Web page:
Hurricane Damage In Puerto Rico Affecting Health Care Industry

SIOUX FALLS, S.D. – Health care providers nationwide are concerned about a shortage of IV bag solution. One of the major manufacturers of the saline solution, Baxter, is located in Puerto Rico where Hurricane Maria wreaked havoc more than one month ago. The company suffered minimal damage, but did lose multiple production days, disrupting their shipments. That includes shipments that would be heading here to Sioux Falls.

“I don’t recall any shortage of this magnitude in my career,” says Pharmacy Clinical Manager with Sanford Health Tyler Turek.

For the past three weeks, the pharmacy has seen a decrease in the amount of IV fluids available.

“The IV solutions that are on a shortage range anywhere from normal saline, dextrose, lactated ringer’s,” explains Turek.

Turek says the solution is needed for critical trauma, surgical and chemo patients; as well as to re-hydrate patients with the flu or another sickness.

“It’d be every single patient virtually that crosses the threshold at Sanford is affected by the shortages,” says Turek.

So in order to counter the decline in fluids, Sanford Health is getting creative. They’re buying the solution from different, more generic manufacturers other than Baxter, as well as buying different versions of the solution.

“We have to manipulate different products and different presentations in order for us to be able to supply medications in a normal fashion,” says Turek.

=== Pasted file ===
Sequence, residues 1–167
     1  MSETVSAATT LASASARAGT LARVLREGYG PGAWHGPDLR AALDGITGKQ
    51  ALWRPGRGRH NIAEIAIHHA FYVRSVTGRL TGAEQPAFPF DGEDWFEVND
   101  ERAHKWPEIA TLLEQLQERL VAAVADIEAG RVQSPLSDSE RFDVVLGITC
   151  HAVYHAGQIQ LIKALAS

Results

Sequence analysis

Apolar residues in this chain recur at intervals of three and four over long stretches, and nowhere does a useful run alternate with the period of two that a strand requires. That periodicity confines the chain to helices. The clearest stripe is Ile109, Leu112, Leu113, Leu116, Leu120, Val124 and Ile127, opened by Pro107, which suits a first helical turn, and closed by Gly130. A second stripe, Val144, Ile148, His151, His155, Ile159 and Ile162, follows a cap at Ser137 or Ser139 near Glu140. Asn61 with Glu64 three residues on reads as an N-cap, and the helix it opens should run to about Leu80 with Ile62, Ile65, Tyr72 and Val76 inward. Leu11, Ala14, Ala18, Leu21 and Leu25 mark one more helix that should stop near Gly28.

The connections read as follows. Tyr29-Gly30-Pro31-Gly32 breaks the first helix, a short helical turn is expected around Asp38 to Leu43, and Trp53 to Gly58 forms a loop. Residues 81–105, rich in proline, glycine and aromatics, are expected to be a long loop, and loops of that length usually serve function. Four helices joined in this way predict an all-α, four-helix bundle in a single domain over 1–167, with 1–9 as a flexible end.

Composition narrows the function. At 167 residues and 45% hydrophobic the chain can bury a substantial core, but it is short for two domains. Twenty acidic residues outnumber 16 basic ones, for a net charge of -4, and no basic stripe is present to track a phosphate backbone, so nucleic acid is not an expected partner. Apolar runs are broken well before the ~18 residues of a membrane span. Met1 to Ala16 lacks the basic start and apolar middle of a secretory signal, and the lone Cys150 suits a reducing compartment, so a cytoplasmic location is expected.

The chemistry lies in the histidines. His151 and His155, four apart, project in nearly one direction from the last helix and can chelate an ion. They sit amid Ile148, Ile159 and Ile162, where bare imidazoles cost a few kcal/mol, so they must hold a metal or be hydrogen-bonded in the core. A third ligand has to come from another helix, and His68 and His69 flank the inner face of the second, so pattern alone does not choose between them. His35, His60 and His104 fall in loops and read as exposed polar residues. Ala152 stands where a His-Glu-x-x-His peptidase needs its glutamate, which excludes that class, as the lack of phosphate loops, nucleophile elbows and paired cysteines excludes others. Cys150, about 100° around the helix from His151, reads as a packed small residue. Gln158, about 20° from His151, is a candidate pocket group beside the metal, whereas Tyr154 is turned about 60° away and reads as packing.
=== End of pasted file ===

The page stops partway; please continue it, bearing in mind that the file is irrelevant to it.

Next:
Turek says this has made the solution less efficient, but it’s helped them avoid limiting the amount of IV fluids they can give to their patients.

“We’ve been able to continue business as usual to provide care as we ordinarily would,” he says.

The U.S. Food and Drug Administration is assisting Baxter in importing these medical products from the firm’s facilities in Ireland and Australia instead of Puerto Rico. Turek says week by week, the shortage situation is getting better.

“We’re starting to see a little bit of light at the end of the tunnel, so continuing to be as creative as we can be with that redesign,” says Turek.

Turek says purchasing the IV solution has also gotten more expensive due to the shortage. They’re paying about 5 times more than what they were paying before the storm.

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